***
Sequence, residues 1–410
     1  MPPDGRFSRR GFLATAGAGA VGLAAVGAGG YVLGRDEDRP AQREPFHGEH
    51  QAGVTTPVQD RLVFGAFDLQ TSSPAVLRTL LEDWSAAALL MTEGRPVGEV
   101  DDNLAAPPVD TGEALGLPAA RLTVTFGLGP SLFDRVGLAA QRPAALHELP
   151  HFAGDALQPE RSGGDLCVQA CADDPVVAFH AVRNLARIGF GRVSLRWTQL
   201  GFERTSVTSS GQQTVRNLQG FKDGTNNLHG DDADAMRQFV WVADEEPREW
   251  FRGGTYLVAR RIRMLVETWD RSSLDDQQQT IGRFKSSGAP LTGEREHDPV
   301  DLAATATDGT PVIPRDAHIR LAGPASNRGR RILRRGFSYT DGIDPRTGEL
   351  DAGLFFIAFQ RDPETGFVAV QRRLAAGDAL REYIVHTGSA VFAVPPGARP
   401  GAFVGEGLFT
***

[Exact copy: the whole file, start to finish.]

Sequence, residues 1–410
     1  MPPDGRFSRR GFLATAGAGA VGLAAVGAGG YVLGRDEDRP AQREPFHGEH
    51  QAGVTTPVQD RLVFGAFDLQ TSSPAVLRTL LEDWSAAALL MTEGRPVGEV
   101  DDNLAAPPVD TGEALGLPAA RLTVTFGLGP SLFDRVGLAA QRPAALHELP
   151  HFAGDALQPE RSGGDLCVQA CADDPVVAFH AVRNLARIGF GRVSLRWTQL
   201  GFERTSVTSS GQQTVRNLQG FKDGTNNLHG DDADAMRQFV WVADEEPREW
   251  FRGGTYLVAR RIRMLVETWD RSSLDDQQQT IGRFKSSGAP LTGEREHDPV
   301  DLAATATDGT PVIPRDAHIR LAGPASNRGR RILRRGFSYT DGIDPRTGEL
   351  DAGLFFIAFQ RDPETGFVAV QRRLAAGDAL REYIVHTGSA VFAVPPGARP
   401  GAFVGEGLFT